Day One Hundred Sixty-Two: The Fugitive, pp. 523-544*

*The Fugitive begins on page 387 of the Penguin Classics paperback that also includes The Prisoner

Chapter II: Mademoiselle de Forcheville, through "...And they left together for Saint-Cloud."
And so the narrator moves from grief to acceptance, though not without characteristically overcomplicating the process:
I now realized that before I could forget her completely, and regain my initial indifference, I would need, like some traveller returning down the same route to his point of departure, to experience in reverse order all the emotions which I had felt on the way out towards my great love.
This return, he tells us, had "four stages," although at this point it's not clear what the second, third and fourth will be. "The first of these stages set in at the beginning of winter" as he walks through the Bois de Boulogne, conscious that it's the same day of the year as when he called Albertine home from the Trocadéro. He hums phrases from Vinteuil's sonata as he walks: "The thought that Albertine had played it for me so often no longer hurt me too much, for nearly all my memories of her had entered that second phase of their chemical reaction, where instead of oppressing the heart with anxiety, they soothe it." In fact, "I thought I saw my love dispersed or even dissolved in the little phrase."

He starts girl-watching, recalling how Albertine "had seemed to me to stand for all the girls whose sight had so often rooted me to the spot in the street or on the road." And he comes upon a group of three girls, "whose smart and athletic demeanour" reminds him of Albertine and her little gang. Two of them are brunettes and one is blond. He follows them until they get into a carriage and ride away. But then, a few days later, he sees them again, "emerging from under the archway of our house." The blond "cast me a first, furtive look, then, when she had gone past, turned her head back towards me and cast a second that finally set me alight." The concierge tells him that the blond was there to see the Duchesse, and that her name is Mlle. d'Éporcheville.

The narrator thinks that he recognizes the name: Saint-Loup had once told him about meeting a "very well-connected young lady, loosely related to the Guermantes, ... in a house of ill-fame and having been intimate with her." This is all the narrator needs to set him in a frenzy of fantasy. The concierge is uncertain at first whether Mlle. d'Éporcheville was the blond, but the narrator is sure she is because he had "correctly guessed which one of the little gang of girls walking along the sea front was called Albertine Simonet." And the concierge's wife confirms his suspicion.

Of course, he needs confirmation, so he sends off a telegram to Saint-Loup, and starts making preparations to visit the Duchesse at the same time that Mlle. d'Éporcheville makes her return visit. But Saint-Loup replies that the girl he slept with was named De l'Orgeville, that she was "short, dark and dumpy" and that she's now in Switzerland.

Meanwhile, something that distracts the narrator from his latest erotic obsession happens: His article about his epiphany of the three steeples is published in the Figaro. It's been so long since he submitted it that he doesn't recognize it at first: "How tedious! The leading article bore precisely the same title as the one which I had submitted but which had not been published. But not only the same title, here and there were one or two identical words. That was too much. I would write in to complain." Then once he realizes the truth, he goes amusingly through the experiences shared by every first-time published author: imagining the reactions of readers as they pick it up, fearing that they will not notice his name at the end, trying to read it through their eyes, and so on. "I saw Bloch, the Guermantes, Legrandin and Andrée drawing from each sentence the images contained in the article."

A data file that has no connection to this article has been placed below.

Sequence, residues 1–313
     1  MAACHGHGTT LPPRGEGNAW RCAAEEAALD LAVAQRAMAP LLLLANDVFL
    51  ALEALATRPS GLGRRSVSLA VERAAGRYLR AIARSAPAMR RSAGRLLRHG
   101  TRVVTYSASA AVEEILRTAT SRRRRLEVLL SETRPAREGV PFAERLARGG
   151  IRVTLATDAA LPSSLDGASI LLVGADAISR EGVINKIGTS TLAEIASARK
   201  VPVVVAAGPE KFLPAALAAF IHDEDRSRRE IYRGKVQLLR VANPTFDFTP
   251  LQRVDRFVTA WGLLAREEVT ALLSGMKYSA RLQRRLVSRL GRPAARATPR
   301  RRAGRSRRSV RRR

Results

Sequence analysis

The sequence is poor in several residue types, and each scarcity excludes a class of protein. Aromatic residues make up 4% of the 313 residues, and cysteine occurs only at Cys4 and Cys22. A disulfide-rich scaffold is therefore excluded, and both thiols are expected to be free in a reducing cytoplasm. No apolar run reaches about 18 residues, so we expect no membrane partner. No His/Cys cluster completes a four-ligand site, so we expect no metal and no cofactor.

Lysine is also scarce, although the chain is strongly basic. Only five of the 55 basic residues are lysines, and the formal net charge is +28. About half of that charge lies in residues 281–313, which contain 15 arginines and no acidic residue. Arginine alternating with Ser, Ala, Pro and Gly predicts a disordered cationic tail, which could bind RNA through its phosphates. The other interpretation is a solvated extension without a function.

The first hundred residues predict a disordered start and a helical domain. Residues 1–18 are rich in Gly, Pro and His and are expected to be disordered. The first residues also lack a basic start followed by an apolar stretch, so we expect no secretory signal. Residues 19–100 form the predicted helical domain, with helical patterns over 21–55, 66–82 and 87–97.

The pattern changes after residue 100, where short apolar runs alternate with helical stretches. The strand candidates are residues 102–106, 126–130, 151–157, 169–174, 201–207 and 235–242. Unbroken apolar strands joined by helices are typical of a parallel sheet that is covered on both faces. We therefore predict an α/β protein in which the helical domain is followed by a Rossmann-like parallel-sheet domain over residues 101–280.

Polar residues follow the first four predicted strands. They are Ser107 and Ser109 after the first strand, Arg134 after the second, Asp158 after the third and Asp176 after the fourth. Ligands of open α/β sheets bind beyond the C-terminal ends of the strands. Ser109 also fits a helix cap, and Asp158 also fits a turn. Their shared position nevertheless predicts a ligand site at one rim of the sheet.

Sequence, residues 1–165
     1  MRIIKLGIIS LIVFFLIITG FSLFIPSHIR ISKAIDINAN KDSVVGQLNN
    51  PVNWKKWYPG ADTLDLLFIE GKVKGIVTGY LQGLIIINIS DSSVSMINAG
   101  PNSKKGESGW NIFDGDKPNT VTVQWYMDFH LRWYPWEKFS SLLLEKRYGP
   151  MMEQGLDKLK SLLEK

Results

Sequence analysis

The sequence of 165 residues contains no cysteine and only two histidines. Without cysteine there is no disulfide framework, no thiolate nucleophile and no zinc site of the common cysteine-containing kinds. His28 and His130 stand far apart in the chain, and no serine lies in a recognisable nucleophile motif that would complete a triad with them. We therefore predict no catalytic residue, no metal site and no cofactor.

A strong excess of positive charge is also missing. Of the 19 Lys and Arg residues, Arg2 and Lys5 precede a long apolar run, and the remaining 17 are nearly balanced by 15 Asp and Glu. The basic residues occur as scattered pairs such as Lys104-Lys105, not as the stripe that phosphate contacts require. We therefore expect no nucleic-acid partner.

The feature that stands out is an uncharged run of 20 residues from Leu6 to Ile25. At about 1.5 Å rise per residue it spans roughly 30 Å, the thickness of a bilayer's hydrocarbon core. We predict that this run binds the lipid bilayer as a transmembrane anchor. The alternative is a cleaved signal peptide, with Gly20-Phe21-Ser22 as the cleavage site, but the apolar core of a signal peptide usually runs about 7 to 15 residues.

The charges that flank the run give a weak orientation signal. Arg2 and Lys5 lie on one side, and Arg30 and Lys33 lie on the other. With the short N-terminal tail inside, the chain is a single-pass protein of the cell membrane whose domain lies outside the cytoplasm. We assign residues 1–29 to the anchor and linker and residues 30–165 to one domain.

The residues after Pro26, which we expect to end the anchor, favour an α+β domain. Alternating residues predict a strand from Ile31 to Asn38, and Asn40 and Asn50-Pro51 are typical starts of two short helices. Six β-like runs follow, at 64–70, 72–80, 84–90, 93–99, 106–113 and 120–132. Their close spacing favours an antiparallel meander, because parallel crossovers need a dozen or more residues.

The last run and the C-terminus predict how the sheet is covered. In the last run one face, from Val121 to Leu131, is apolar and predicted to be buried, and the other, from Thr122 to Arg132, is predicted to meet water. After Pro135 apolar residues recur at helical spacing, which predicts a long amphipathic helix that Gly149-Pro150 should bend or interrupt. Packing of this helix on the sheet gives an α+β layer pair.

Then all my images, all my reflections and all my epithets, taken in themselves and with no memory of the failure of my aims that they represented, charmed me with their brilliance, their novelty, and their profundity.

He goes to see the Duchesse that afternoon, not so much to see Mlle. d'Éporcheville, "who because of Saint-Loup's telegram had lost the better part of her character," as to find out if the Duchesse has read his article. The blond girl is there, and he learns that her name is de Forcheville. She says to him:
"Don't you remember that you used to know me very well, you used to visit my house, I am your friend Gilberte. I realized that you did not recognize me. But I recognized you straight away."
He learns that Swann's death has left Odette very rich, that she has married Forcheville, and that he has adopted Gilberte, who came into "an enormous fortune" of her own when one of Swann's uncles died and left it all to her.

As for the Duchesse's reluctance to recognize Odette or Gilberte, all of that is in the past, particularly where Gilberte is concerned. The Duchesse has succumbed to the pressure of society, and when the Duc informs her that a friend of their wanted to invite her to the opera but was uncertain whether she should do so because Gilberte will be there too, the Duchesse replies, "I see no objection to our meeting the girl. You know perfectly well that I have never had anything against her.... Everyone knows that we were great friends of Swann. Everyone will find it perfectly normal."

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